Squid (named so because all other good names were apparently taken - no, honest!) is a HTTP/Gopher/FTP proxy caching server, mainly intended to be used in UNIXes. Its primary goal of life, as with other proxies of this type, is to fetch stuff off the network and keep a copy in local network, in case someone there wants it really quickly. At the moment, it is likely to be one of the most widely used proxy servers. It is distributed under GPL.

It was originally developed by National Laboratory for Applied Networking Research (NLANR), now also by volunteers. NLANR's Duane Wessels is the current project maintainer.

I have used Squid for some time on my own machine to speed up ISDN web browsing, and it helped somewhat even when it's actually much bigger than what's needed for this purpose. Now that I have broadband connection it's probably redundant, but I have forgotten to uninstall it. =) In Debian the setup is very simple, just about as tricky/trickless as Apache.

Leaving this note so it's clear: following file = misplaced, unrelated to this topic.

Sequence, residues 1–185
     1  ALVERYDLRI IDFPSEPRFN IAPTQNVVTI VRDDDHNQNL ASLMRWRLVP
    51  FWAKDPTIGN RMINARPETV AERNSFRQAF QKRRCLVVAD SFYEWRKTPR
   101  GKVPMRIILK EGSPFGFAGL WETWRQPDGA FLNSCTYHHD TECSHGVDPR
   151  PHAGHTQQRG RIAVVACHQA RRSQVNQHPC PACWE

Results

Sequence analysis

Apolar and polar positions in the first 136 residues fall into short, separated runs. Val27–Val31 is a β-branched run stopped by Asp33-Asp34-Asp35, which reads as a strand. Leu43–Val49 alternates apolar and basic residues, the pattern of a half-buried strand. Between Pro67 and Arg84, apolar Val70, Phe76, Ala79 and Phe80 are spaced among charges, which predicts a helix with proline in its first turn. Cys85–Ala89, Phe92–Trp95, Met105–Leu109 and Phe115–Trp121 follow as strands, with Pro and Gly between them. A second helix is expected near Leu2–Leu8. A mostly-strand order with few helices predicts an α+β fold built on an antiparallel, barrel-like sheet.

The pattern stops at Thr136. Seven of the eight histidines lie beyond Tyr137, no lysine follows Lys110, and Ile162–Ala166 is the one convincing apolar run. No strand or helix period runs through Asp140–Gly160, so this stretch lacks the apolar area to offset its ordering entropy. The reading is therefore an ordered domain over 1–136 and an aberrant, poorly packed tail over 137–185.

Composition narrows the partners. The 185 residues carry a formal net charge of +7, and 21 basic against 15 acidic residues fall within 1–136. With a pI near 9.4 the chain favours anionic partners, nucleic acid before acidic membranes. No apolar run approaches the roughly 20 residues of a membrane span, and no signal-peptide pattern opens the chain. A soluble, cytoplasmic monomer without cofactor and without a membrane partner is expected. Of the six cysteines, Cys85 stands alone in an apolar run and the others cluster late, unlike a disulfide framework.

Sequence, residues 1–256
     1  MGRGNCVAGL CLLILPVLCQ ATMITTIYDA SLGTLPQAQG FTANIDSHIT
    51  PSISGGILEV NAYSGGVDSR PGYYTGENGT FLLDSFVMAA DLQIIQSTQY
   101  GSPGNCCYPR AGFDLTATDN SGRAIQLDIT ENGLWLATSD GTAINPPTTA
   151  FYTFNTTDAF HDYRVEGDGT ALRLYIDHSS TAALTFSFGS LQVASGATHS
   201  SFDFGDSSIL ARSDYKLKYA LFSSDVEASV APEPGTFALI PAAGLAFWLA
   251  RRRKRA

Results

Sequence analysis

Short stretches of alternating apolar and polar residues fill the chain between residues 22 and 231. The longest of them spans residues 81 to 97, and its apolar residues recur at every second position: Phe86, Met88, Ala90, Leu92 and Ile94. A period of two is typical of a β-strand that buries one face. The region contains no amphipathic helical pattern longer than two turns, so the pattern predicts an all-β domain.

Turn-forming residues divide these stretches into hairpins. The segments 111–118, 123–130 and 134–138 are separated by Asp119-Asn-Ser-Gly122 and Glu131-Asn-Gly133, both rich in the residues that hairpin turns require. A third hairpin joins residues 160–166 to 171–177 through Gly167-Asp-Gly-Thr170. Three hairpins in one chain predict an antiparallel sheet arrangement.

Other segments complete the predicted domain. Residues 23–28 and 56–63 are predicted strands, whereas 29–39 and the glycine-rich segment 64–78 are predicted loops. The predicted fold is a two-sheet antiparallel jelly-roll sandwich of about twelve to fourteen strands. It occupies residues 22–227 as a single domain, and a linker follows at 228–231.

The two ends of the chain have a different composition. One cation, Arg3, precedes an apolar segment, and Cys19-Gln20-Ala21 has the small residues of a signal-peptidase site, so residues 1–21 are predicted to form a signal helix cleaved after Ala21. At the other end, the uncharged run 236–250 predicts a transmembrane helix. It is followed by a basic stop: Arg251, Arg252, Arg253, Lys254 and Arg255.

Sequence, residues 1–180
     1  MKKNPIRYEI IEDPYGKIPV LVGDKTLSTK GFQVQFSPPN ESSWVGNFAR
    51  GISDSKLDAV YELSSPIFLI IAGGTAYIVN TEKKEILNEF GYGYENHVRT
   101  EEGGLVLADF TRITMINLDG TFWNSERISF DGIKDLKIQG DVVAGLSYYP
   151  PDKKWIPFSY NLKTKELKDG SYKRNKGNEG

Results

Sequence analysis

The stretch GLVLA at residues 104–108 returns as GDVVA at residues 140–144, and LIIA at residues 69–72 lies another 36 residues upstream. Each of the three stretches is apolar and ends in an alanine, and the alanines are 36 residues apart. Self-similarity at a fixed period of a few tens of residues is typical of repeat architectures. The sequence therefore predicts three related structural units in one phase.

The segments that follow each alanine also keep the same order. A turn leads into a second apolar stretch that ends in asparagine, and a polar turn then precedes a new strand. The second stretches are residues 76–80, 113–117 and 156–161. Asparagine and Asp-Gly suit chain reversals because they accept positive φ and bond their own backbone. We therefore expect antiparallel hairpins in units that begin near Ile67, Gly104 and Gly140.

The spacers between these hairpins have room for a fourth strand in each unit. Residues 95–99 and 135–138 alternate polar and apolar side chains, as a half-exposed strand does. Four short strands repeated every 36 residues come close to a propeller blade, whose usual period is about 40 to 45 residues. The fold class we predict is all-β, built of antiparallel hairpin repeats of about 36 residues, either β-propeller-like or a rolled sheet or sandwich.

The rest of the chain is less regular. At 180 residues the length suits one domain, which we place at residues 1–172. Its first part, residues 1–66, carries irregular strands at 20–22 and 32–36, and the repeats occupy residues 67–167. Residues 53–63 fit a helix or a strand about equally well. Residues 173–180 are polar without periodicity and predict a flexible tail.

Squid is very configurable. It supports many kinds of access control, ICP/HTCP interfacing with other proxies, many sorts of messing with the data (including header mangling a la header stripping and User-Agent stripping)... It keeps things cached in directory, metadata in memory, and also can keep very often needed things in RAM.

Home page: http://www.squid-cache.org/

Sources: SQUID FAQs